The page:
As everyone knows, the purpose of the financial regulation reform bill is to prevent another financial crisis from occurring. That must be why Senator Richard Durbin felt it so urgent to attach an amendment to the Senate version of the bill that places new price controls on the interchange fees that can be charged on debit and prepaid cards, requiring that they be “reasonable and proportional” to the incremental cost of processing those transactions. The amendment was adopted with no hearings or serious fact-finding (that I am aware of) and minimal debate and discussion.
Yes, you read that right–the amendment regulates the fees on debit and prepaid cards, not credit cards. What debit and prepaid cards have to do with the financial crisis has not yet been explained.
By pegging the price to only the “incremental” cost, the price commissars at the Fed who will be required to set these prices are required to ignore the fixed costs of operating the system. Which guarantees that debit cards will not be a money-losing proposition.
In order to offset the ruinous effect this would have on smaller banks the Durbin amendment carves out an exception that provides that any issuers of debit and prepaid cards with assets of under $10 billion would be exempted from the price control provisions. This was intended to protect credit unions and community banks from the legislation.
The problem is that Visa and Mastercard have suggested that it simply is not wise for them to set two prices for those with whom they do business–a money-losing price for their biggest card issuers and a profitable price for smaller issuers that would essentially provide a subsidy for smaller issuers to cannibalize the larger, regulated issuers. So they’ve suggested that if the Durbin amendment is adopted, they will be forced by competitive pressures to reduce the interchange fee for smaller issuers down to the rate that the Federal Reserve’s central planners will set pursuant to the law.
Senator Durbin responded with this amazing letter to Visa and Mastercard, in which he expresses his frustration when the real world won’t do whatever he tells it to do. As he explains, if Visa and MC reduce interchange fees on small issuers, that of course, won’t be his fault, but theirs.
It certainly does give rise to a handy excuse for future politicians. “Sure, we raised the minimum wage, but we specifically didn’t want unskilled workers to be laid off, so if unemployment rises, it is the fault of the businesses, not us.” “Sure, we raised taxes on everyone, but we specifically said that we didn’t want people to work less, so it is their fault, not ours.” Good intentions don’t make for good results.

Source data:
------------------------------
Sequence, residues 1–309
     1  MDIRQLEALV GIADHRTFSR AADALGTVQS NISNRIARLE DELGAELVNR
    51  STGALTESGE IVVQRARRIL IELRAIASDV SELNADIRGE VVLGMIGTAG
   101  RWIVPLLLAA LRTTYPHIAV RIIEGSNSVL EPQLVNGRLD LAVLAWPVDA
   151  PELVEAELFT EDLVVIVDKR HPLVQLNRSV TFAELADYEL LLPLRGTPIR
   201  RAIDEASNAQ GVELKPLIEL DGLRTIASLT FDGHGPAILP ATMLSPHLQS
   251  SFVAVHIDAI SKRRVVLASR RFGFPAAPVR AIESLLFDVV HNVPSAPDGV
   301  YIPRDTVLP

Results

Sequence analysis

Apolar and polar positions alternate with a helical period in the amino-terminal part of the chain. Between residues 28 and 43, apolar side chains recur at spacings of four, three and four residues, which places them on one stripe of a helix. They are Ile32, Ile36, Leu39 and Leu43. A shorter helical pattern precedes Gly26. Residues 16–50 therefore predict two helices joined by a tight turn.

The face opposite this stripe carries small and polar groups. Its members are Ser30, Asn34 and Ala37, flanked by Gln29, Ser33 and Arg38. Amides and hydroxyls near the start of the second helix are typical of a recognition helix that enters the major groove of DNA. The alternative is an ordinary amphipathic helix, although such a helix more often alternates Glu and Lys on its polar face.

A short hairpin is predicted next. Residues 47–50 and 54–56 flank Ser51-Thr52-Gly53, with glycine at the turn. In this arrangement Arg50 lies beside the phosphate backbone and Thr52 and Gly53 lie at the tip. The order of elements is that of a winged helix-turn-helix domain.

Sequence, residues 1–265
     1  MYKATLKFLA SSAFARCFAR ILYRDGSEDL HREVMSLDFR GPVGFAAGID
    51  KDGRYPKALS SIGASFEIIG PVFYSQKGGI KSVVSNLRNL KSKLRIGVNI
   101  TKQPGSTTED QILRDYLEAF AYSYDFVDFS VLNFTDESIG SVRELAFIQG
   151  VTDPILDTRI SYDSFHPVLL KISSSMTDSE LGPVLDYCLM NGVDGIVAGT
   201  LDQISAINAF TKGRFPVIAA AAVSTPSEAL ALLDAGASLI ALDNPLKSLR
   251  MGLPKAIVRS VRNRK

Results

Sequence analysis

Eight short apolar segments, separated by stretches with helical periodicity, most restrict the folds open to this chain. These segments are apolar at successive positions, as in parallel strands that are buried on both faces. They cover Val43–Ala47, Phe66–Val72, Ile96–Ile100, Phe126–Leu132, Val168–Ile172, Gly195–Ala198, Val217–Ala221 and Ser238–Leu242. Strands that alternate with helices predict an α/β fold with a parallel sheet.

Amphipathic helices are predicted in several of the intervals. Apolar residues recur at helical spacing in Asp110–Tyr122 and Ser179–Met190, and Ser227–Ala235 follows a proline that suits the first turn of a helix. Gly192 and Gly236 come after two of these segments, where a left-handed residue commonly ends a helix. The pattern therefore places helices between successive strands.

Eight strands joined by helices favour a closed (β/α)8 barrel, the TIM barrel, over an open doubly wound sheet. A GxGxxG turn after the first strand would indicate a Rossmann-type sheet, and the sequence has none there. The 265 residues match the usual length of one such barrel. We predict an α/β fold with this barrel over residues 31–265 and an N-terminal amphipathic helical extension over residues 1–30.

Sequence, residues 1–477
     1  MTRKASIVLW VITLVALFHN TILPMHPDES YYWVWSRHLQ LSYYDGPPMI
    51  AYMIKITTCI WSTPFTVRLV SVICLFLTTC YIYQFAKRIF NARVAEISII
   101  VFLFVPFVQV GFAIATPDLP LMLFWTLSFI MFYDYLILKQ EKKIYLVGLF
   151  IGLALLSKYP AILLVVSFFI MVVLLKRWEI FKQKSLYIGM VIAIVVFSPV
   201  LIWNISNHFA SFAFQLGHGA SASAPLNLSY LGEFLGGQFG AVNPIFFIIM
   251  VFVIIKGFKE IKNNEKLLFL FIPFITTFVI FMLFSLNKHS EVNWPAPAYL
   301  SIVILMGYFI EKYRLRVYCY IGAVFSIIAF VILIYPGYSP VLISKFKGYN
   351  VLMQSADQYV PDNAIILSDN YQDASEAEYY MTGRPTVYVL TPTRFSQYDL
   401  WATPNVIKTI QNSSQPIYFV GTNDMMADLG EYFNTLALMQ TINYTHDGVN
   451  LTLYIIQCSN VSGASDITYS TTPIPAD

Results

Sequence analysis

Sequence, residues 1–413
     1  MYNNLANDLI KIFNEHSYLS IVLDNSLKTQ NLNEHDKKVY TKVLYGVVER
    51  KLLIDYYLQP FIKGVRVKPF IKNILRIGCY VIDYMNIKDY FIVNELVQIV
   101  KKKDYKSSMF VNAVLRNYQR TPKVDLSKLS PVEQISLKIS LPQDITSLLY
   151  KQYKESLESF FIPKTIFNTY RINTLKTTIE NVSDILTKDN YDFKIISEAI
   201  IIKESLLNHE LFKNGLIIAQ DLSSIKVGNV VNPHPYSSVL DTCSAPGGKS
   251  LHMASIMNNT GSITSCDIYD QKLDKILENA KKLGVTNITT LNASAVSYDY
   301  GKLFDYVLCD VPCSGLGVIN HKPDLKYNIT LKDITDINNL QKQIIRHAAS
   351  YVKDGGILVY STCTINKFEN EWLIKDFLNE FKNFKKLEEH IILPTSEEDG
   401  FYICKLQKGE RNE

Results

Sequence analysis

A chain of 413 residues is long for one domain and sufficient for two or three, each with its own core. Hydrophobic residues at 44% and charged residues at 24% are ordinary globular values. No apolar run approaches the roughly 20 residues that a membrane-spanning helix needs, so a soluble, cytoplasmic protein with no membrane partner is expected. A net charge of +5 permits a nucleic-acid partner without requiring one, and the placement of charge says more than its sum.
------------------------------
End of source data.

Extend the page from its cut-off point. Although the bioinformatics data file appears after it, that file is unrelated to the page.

Senator Durbin’s letter here brings to mind Adam Smith’s famous “man of the system” quote:
The man of system, on the contrary, is apt to be very wise in his own conceit; and is often so enamoured with the supposed beauty of his own ideal plan of government, that he cannot suffer the smallest deviation from any part of it. He goes on to establish it completely and in all its parts, without any regard either to the great interests, or to the strong prejudices which may oppose it. He seems to imagine that he can arrange the different members of a great society with as much ease as the hand arranges the different pieces upon a chess-board. He does not consider that the pieces upon the chess-board have no other principle of motion besides that which the hand impresses upon them; but that, in the great chess-board of human society, every single piece has a principle of motion of its own, altogether different from that which the legislature might choose to impress upon it. If those two principles coincide and act in the same direction, the game of human society will go on easily and harmoniously, and is very likely to be happy and successful. If they are opposite or different, the game will go on miserably, and the society must be at all times in the highest degree of disorder.
Unintended consequences virtually always follow from an enterprise in economic planning such as the Durbin amendment. And this one, by guaranteeing that debit card issuers will now lose money, will have more unintended consequences than most. The result inevitably will be to transfer some of the costs now borne by merchants onto consumers. It is one thing to acknowledge the presence of unintended consequences and conclude that the benefits of the action exceed those costs. But it is still another to stand like King Canute and pretend that you can hold back the tide of unintended consequences just because you are a Senator.
Oops: Major typo–I meant “will be” a money-losing proposition.